# Million Man March

 

It’s been 21 years since the first Million man march on October 16, 1995 this day will ever be etched in my mind. This day was a day of love, peace, brother hood.  Hope for my race as a  man and father, hope for the future. I remember everyone was talking about going to dc We made a plan to go to hear the many speakers and to listen to what everyone had to say about the day of atonement what started out as a group of 25 people turn to an army of one.

One by one they started to back out of the plan,  Mike said he wasn’t going because he feared for his life so he didn’t go,  Kip said his mother thought that the Government would bomb D.C so he backed out once the dust settled I was the only one still going.

The days leading up to the march I thought about backing down and not going, the United states past history shows that when it comes to Blacks in America they don’t always play fair or by the rules but something inside of me kept telling me to go.    At the time I was working at Nations Bank and if you wanted to go to the march they would let you have the day off.     As the  day approach I was excited and nervous at the same time, excited about the  day and hope for the future and nervous about the unknown of what to expect once i made it to dc..

 

As I arrived at the train station to purchase a ticket I looked  around and saw Black men everywhere, the turn out was big not only was there a large crowd but everyone was getting along ( that’s something I thought I would never see in a lifetime) there was no egos,  no drama,  no one trying to see how tough they where just one common goal unified.  It was so packed in the stations that I had to look around to find a seat.  Once I found a seat I  sat down  checking  out my surrounding (  where I from you have to B-more careful ) still looking around in amazement to see how many men was at the station when one guy stood up and said let’s get pumped we’re going to Washington DC baby make some noise everyone started clapping their hands then we heard the train to DC was about to pull into the station.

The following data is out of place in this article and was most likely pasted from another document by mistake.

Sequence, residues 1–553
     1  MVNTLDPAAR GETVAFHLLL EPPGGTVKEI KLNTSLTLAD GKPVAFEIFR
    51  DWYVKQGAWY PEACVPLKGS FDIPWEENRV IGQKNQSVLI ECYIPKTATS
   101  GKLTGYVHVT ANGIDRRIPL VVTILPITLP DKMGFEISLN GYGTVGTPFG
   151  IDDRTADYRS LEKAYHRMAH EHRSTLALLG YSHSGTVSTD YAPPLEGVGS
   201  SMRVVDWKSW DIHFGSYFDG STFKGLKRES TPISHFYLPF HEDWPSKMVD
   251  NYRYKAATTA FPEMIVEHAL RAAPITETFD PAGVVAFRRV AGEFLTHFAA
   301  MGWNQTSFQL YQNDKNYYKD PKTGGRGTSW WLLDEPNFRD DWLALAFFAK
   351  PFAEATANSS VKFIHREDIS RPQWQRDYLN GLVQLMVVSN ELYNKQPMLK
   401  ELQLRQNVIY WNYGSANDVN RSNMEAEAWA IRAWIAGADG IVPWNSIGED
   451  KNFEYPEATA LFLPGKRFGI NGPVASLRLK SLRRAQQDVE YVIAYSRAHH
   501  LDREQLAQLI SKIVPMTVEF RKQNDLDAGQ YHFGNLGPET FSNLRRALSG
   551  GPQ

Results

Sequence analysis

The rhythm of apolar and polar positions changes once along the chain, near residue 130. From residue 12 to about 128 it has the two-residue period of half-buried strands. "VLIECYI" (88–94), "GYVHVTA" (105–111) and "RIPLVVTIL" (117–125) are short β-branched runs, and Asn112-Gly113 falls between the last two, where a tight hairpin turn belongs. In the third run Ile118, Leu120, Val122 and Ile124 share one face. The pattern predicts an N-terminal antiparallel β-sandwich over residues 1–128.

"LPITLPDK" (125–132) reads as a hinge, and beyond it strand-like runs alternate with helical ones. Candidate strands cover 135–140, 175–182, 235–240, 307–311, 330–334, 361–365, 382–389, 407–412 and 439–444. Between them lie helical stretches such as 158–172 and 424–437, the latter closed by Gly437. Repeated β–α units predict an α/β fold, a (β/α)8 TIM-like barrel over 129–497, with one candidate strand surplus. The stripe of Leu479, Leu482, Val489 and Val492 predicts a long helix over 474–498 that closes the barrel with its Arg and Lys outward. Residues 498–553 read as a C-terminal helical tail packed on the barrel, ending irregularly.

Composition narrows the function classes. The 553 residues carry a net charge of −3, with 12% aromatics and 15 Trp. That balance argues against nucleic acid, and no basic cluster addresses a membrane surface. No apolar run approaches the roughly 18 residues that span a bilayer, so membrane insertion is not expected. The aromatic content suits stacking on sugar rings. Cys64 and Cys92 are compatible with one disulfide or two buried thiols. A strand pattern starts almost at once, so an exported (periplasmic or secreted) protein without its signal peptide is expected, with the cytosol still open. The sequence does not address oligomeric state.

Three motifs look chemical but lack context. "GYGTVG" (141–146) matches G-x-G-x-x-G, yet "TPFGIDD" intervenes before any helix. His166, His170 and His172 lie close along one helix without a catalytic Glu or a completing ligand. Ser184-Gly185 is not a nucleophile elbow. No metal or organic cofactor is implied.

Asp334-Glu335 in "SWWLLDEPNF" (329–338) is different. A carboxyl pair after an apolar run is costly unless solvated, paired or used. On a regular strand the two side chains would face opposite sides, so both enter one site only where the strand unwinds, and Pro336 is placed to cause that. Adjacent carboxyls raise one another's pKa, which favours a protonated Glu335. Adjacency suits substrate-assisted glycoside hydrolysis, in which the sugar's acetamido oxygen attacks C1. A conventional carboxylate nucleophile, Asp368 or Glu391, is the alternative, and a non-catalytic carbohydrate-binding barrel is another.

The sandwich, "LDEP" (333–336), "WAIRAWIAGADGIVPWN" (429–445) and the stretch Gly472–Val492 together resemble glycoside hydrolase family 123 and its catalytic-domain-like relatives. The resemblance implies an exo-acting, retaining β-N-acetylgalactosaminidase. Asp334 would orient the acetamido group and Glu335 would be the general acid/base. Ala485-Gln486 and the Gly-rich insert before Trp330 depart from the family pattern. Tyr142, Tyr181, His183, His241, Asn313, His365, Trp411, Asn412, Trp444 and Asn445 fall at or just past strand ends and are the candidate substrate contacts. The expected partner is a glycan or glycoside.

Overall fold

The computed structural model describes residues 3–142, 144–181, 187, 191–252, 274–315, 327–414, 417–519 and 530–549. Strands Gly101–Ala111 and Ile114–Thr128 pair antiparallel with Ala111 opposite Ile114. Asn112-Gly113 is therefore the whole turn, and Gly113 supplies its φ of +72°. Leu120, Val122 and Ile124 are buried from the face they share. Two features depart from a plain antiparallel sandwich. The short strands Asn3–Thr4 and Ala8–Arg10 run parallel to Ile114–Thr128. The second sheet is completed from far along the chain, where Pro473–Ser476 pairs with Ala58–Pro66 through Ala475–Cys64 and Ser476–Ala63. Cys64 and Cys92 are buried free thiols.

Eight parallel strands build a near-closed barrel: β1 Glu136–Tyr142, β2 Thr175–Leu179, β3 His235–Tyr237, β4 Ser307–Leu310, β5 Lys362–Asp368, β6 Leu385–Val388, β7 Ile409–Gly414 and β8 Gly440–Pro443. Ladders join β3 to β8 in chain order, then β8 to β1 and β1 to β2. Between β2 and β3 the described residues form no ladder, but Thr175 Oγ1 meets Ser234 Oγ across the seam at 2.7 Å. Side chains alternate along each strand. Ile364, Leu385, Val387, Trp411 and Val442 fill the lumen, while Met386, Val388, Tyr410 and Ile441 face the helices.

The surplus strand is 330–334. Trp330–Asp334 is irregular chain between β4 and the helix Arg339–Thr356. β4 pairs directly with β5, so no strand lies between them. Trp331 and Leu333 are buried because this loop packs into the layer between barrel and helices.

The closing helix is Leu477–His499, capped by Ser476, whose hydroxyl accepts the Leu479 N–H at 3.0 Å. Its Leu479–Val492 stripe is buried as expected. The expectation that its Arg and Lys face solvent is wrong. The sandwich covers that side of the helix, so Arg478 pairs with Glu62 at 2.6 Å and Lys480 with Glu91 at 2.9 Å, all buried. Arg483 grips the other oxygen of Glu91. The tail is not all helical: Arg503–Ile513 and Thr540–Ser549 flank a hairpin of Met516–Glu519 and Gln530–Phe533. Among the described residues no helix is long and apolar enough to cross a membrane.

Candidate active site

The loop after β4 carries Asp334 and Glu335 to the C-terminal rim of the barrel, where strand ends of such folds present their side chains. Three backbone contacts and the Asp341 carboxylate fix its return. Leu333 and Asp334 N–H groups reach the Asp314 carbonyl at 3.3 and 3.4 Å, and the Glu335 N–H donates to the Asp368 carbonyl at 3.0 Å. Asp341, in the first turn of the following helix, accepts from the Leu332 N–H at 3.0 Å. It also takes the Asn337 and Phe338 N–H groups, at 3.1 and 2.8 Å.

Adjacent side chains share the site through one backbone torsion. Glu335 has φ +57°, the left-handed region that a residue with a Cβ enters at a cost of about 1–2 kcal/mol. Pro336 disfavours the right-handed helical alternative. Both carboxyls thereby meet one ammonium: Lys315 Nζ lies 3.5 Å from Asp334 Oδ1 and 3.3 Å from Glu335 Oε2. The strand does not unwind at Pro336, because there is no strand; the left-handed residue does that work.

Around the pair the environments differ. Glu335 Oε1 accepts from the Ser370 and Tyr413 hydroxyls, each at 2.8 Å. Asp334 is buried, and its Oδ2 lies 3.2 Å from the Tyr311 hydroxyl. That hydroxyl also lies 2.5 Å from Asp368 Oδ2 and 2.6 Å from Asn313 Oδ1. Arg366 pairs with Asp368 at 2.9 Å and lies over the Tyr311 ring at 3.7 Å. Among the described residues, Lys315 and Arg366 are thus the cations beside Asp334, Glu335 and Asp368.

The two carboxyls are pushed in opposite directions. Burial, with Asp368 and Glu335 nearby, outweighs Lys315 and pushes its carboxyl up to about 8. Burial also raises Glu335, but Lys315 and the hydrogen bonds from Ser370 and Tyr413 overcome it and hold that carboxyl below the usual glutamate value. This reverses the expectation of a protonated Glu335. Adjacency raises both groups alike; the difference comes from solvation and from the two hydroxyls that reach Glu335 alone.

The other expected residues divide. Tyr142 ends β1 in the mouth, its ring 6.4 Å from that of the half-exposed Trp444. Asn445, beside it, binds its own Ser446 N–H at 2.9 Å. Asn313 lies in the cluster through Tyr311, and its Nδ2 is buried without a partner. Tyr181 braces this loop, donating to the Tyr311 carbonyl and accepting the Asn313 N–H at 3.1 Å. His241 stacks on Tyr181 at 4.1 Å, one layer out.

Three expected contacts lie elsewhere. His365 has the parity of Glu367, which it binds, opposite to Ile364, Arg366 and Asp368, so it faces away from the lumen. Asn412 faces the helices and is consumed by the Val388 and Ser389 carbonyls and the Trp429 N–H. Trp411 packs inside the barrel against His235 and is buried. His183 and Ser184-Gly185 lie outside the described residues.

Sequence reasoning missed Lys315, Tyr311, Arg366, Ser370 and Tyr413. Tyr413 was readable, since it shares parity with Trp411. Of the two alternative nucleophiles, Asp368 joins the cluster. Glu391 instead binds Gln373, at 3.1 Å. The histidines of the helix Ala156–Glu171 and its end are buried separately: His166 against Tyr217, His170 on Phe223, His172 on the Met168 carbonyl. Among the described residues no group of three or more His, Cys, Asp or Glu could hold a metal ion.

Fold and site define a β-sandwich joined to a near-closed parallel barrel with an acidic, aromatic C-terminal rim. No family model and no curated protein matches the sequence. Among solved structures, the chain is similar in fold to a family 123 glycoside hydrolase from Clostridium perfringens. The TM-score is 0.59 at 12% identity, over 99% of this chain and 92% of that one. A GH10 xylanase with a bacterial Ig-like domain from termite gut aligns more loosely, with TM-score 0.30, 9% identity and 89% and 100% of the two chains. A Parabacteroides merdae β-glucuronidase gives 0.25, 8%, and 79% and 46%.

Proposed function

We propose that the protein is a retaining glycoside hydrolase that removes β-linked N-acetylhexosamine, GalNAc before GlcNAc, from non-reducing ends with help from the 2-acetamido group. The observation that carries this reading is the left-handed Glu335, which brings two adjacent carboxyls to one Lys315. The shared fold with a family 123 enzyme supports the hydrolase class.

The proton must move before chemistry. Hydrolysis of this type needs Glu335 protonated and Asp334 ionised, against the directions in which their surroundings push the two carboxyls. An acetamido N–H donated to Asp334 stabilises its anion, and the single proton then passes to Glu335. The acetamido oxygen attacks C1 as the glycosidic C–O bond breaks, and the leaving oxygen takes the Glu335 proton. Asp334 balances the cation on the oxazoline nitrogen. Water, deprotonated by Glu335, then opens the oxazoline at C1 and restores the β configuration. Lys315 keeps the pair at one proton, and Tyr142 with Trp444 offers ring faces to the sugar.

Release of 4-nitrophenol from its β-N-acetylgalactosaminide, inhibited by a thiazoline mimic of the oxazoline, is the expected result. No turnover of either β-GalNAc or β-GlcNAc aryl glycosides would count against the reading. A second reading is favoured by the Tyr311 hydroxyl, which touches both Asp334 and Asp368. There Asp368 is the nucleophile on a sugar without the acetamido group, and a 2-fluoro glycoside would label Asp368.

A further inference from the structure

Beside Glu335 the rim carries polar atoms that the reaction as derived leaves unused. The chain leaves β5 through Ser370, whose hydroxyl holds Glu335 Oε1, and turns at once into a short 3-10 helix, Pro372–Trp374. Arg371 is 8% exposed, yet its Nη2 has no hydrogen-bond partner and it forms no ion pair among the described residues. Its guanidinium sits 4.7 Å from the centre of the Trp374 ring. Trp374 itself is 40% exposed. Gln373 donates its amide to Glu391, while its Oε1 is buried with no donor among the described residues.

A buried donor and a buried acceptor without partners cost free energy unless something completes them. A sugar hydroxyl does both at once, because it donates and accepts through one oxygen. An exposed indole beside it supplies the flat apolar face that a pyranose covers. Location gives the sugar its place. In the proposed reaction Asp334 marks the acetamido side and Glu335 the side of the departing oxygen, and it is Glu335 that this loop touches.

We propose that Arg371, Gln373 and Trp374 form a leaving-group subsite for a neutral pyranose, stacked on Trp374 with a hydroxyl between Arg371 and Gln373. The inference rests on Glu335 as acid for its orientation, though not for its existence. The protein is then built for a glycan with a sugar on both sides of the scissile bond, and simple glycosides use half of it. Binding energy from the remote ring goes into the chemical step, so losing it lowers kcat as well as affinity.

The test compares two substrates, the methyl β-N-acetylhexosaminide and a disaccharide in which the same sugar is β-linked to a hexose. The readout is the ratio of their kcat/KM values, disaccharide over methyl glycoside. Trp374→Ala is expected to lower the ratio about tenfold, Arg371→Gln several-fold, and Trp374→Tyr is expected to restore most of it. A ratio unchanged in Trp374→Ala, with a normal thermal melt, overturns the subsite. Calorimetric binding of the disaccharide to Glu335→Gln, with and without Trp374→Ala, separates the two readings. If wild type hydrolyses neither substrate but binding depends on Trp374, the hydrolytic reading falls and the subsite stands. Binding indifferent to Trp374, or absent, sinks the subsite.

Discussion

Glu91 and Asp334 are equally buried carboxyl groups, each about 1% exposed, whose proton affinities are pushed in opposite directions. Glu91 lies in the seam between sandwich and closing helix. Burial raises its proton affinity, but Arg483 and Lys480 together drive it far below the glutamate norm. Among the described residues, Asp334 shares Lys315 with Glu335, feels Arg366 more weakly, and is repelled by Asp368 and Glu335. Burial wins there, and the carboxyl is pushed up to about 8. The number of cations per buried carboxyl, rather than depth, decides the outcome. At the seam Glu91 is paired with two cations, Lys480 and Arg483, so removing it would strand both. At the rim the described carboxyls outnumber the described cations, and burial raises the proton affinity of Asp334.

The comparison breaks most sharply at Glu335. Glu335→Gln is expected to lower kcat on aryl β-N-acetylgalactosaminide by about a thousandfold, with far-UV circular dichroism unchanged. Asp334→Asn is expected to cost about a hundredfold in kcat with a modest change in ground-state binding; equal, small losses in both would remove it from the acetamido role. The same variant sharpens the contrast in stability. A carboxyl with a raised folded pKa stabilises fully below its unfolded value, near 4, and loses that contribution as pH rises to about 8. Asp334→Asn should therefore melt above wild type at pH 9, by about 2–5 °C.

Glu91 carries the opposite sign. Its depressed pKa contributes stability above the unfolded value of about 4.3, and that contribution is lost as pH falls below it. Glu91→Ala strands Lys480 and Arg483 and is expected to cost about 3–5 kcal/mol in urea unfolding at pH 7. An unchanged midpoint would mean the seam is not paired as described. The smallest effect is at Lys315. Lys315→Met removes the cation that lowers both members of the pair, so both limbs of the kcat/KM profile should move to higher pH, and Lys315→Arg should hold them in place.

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As everyone started to get on the train seats was going quick , I was walking through the cars hoping to find a seat finely after six different cars I found a seat.  I set next to a man name Marcus this was quite ironic this is also my son’s name i thought about taking my son with me to D.C. at the time he was 5 but the uncertainty of what lies ahead made me change my mind. Me and Marcus talked all the way their about what we hoped would happen at the march a day of atonement and the future of our race then I heard the announcement that we have arrived in Washington D.C.

Once we got off the train Marcus  said he knew the way to National Mall  so I followed him as we were walking towards the march the crowd begin to get larger and larger as we walked around meeting people from all over the United State everybody giving us warm greeting I met people from Alabama, California, Texas, Denver and Portland.

One person that I would never forget was Dave from Alaska at first I thought that he was joking then later that day I found out he was telling the truth. Dave was the first person  I have ever met from Alaska let alone a black man living in Alaska had never cross my mind that day my mind-set was opening up to a lot of new things. Dave spoke about  a better future  for Black men in America how we all have a personal responsibility to our self, our family , our community and our race.  Everyone started to head over to hear the many speakers  Dr. Benjamin Chavis jr,  Rosa Parks, Maya Angelou, Rev. James Bevel and Ayinde Jean Baptiste who at the time was 12 years old  just to name a few for me the speakers was just an encore the bigger prize for me was to see all those Black men  with different religious beliefs, views, and back grounds coming together for one common goal and getting along.

Speaking from someone who was at the march to see so many Black men approximately 1.5 Million to 2 Million at one event this site was something to behold, this  also gave me hope as a Black Man for my community, and my race. I have seen first hand the power of unity, it’s truly a beautiful thing, we have to remind our self that it starts with us we first have to learn how to love and respect one another once we do that we can start a path for a better tomorrow.

Who will save us? / We will save our self # Who will save us?

 

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